Watching contractors fitting-out a baguette food outlet failed to stir our columnist last night but at least he missed the football

Anyone hoping to see the awe-inspiring manifestation of state-of-the- art construction operation that is the fitting out of an Upper Crust sandwich unit in last night’s programme on the begetting (or should that be baguetting?) of St Pancras International will have been sorely disappointed.

Graham Greene said that it is interesting to watch ordinary people doing extraordinary things, or to watch extraordinary people doing ordinary things, but watching ordinary people doing ordinary things is not interesting. Last nights chapter in the £800 Railway Station on BBC 2 was very much ordinary people doing ordinary things. Actually it was worse. It was ordinary people in the PR industry doing ordinary things.

To all intents and purposes the building work is finished. What remains is the icing on the cake. This programme featured the commissioning of a vast statue and the choosing of the photographs in the “How we did it “ book, Public sculptors can never win. Anthony Gormley replicates his sculptures in their thousands so even at 60% disapproval his strike rate is quite high. Whether Paul Day’s Meeting place will capture the public’s imagination in the way that The Angel of the North has done remains to be seen. Various railway commissioners were filmed going off to Mr Day’s studio in an agreeable pantiled barn somewhere in rural France to look at Mr day’s maquettes.

The sculpture is to be a 3m high bronze and shows a couple “meeting” It may be a homage to the magic of the illicit love affair that was built around railway buffet bars in “Brief Encounter”, although it looks more like two Stalinist athletes on the Atkins diet who have crashed into each other on the ice and are holding on for mutual support.

Once the committee had persuaded Mr Day to remove an ankle strap from the woman’s shoe (makes her look like a tart) it was passed as fit for consumption. Passengers won’t be able to miss it, so perhaps it will capture the public’s imagination, but I am always suspicious when artists tell you what they “are trying to do”.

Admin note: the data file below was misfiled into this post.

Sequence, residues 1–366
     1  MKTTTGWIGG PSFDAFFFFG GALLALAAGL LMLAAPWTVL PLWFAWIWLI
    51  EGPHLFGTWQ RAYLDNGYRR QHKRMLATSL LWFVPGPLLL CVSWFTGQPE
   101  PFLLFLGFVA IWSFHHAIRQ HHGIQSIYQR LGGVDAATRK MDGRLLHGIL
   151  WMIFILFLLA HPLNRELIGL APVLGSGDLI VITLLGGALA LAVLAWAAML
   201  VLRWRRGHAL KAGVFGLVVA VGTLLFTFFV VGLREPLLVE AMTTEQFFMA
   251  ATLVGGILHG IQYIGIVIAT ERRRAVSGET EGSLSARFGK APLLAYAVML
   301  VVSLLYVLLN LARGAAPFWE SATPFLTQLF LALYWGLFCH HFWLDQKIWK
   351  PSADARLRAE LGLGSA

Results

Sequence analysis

The PR worthies in charge of photographs opted for a selection of grainy black and whites of men wearing singlets and hard hats with enough sweat pouring over their belts, laps and traps to satisfy the most ardent Village People fan. Sadly no “Upper Crust” but, as the commentator pointed out in a breathless whisper “ Now the team has only TWO MONTHS to fit out all the shops which are such a crucial part of the development”.

MacDonalds can take a two thousand square foot stand-alone site from ground-break to serving the first customer in eleven days, so I can’t wait to see how the parties at the £800 million railway station rise to this challenge. The commentary is by Bernard Hill aka Yosser of “gissajob” fame. There was a fabulous shot of the restaurant in the tip of the Gherkin, which showed the commissioners fulfilling the onerous task of choosing a champagne bar operator. If one of them can’t make it I’ll give then my number.

  • The 800 Million Pound Railway Station is on BBC 2 at 10pm